André Martin, Larissa Bittencourt and Gabriela Barros
Law n.º 14.620/2023, published on July 14, promoted changes in Decree-Law n.º 3.365/1941, which regulates expropriation for public utility in Brazil.
One of the changes is the requirement for legislative authorization, in article 2, paragraph 2, for the expropriation both of assets owned by the States, Municipalities and the Federal District by the Federal government, and for the assets of the Municipalities by the State. Previously, the requirement was only for the expropriation of the Municipalities’ assets by the States. However, legislative authorization may be waived when the expropriation is conducted by an agreement between the federative entities.
The Law also amended article 3, allowing expropriation by means of authorization by law or contract, by concessionaires, permit holders, authorization holders and tenants, as well as by those contracted by the public authorities for the execution of works and engineering services under the contracting regime for global price, engineering contracting and integrated contracting.
Regarding the latter, the bidding notice must contain information on who is responsible for each phase of the project, the estimated budget and the distribution of risk between the parties, including the variation in costs of expropriation under the estimated budget.
The sole paragraph of article 4 determines that, in expropriations for urbanization plans, urban renewal, subdivision or reparcelling of the land provided for in the Municipality Urbanization Master Plan (Plano Diretor), the bidding notice may stipulate that the revenue from the resale or use of real estate integrates an associated project at the expense and risk of the contracted party, guaranteed to the public authority responsible for contracting, at least, reimbursement of costs with indemnities under its responsibility.
The said law included in article 4-A that, in expropriations of properties characterized as Informal Urban Centers (Núcleos Urbanos Informais), occupied by low-income population, the expropriator must promote compensatory measures to the expropriated, such as relocation of families, compensation for improvements or financial compensation for reallocation. Here, the registration of occupants is required. The occupant of the area that presents a condition of vulnerability, to be defined by the expropriator, may be matched to the low-income population.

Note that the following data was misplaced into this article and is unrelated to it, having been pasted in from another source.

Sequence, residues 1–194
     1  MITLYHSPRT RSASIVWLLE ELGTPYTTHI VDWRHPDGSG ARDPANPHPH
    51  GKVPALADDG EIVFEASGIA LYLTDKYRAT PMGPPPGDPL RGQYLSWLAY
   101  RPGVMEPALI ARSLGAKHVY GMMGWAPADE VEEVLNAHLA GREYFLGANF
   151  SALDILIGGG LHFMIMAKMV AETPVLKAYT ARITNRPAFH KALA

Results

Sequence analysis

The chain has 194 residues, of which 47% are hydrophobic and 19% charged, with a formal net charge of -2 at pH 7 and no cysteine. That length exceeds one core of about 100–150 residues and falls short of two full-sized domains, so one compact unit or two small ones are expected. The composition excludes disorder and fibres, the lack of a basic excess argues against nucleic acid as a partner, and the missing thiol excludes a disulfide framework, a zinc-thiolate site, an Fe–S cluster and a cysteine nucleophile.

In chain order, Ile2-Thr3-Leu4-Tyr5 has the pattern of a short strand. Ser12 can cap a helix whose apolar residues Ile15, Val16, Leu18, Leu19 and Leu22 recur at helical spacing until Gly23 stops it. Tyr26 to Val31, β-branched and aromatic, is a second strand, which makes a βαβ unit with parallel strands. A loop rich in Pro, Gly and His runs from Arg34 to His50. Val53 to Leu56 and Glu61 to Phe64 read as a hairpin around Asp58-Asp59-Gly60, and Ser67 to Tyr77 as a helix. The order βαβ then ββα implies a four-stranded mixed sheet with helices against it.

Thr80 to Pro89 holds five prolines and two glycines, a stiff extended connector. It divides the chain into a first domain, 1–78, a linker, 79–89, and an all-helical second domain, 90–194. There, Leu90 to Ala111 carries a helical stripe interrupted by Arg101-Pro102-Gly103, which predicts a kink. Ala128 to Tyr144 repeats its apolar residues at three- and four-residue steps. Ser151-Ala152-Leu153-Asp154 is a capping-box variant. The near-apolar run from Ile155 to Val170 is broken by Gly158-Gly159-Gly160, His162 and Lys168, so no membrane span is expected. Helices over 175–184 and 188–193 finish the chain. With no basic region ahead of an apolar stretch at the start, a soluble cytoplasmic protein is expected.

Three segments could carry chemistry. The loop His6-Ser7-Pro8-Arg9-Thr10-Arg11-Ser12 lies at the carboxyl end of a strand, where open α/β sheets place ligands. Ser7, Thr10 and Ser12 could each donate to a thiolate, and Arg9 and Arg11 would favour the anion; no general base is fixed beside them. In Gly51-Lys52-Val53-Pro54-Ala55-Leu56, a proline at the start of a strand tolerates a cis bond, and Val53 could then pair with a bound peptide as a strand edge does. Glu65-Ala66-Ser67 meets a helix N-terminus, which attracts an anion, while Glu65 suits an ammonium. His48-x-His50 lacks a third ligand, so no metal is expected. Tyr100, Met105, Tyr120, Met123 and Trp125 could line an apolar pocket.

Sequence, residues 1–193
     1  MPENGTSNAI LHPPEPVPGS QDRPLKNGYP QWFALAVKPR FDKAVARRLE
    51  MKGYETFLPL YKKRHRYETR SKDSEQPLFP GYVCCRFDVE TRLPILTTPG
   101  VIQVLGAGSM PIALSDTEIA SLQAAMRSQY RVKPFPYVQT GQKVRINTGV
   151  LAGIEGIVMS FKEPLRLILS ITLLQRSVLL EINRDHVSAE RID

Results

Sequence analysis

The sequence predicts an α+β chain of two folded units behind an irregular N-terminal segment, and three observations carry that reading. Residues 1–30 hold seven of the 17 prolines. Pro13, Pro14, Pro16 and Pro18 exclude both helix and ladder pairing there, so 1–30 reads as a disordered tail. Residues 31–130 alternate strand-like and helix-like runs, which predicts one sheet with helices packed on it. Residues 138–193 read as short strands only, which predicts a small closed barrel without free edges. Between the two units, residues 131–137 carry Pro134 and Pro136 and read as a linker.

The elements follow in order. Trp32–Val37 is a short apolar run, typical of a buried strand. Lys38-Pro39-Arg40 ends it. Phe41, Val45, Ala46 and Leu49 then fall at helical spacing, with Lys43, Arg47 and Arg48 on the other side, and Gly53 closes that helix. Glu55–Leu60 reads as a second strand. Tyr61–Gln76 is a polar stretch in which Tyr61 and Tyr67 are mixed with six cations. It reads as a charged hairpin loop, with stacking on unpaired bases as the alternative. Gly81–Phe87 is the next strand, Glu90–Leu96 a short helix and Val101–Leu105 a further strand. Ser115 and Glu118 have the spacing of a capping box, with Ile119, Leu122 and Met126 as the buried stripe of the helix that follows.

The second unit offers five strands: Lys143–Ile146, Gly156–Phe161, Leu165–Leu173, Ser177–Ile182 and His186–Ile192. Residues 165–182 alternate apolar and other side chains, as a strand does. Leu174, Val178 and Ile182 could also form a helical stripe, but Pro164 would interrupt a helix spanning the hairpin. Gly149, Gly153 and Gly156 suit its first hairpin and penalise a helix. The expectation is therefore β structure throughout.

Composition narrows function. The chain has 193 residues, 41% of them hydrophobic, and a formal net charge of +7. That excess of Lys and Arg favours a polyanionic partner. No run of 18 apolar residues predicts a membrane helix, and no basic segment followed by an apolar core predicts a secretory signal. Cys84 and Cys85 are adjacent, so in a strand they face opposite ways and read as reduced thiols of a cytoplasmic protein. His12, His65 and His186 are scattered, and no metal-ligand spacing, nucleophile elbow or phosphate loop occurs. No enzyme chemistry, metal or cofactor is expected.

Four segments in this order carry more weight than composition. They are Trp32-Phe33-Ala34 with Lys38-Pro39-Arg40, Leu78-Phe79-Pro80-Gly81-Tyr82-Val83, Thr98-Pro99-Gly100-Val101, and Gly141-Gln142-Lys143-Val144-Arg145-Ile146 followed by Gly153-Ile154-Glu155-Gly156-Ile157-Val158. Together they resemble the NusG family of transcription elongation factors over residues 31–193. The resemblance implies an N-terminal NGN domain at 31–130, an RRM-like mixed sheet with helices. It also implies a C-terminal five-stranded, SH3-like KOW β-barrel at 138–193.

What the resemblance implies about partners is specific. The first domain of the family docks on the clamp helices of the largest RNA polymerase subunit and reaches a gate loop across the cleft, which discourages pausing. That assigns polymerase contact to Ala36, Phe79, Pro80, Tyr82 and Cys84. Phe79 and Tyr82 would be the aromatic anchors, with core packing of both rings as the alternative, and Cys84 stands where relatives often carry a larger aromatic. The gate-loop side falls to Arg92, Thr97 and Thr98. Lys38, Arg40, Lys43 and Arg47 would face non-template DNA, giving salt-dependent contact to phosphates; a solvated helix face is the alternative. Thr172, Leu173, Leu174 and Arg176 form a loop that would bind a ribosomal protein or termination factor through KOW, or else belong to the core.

Article 5, paragraph 6, provides that whenever there is proven unfeasibility or the objective loss of public interest in maintaining the destination of the property indicated in the expropriation decree, the expropriator must adopt one of the following measures, in order: (i) allocate the area for another public purpose; or (ii) sell the asset to the interested party, ensuring the preemptive right to the expropriated person.
Another amendment was in relation to article 7, which provides that with the declaration of public utility, administrative authorities are authorized to enter expropriated areas, for inspections, and may resort to the assistance of police forces. In the event of damages due to excess or abuse of power, compensation for damages and competent criminal action is applicable.
Finally, art. 15-A went on to provide that, in the case of prior imposition in possession, in expropriation due to necessity or public utility or social interest, in the event of a discrepancy between the price offered in court and the value of the property established in the judgment, compensatory interest of up to 6% may be levied per year on the calculated difference, counted from the date of taking possession, compound interest is prohibited.
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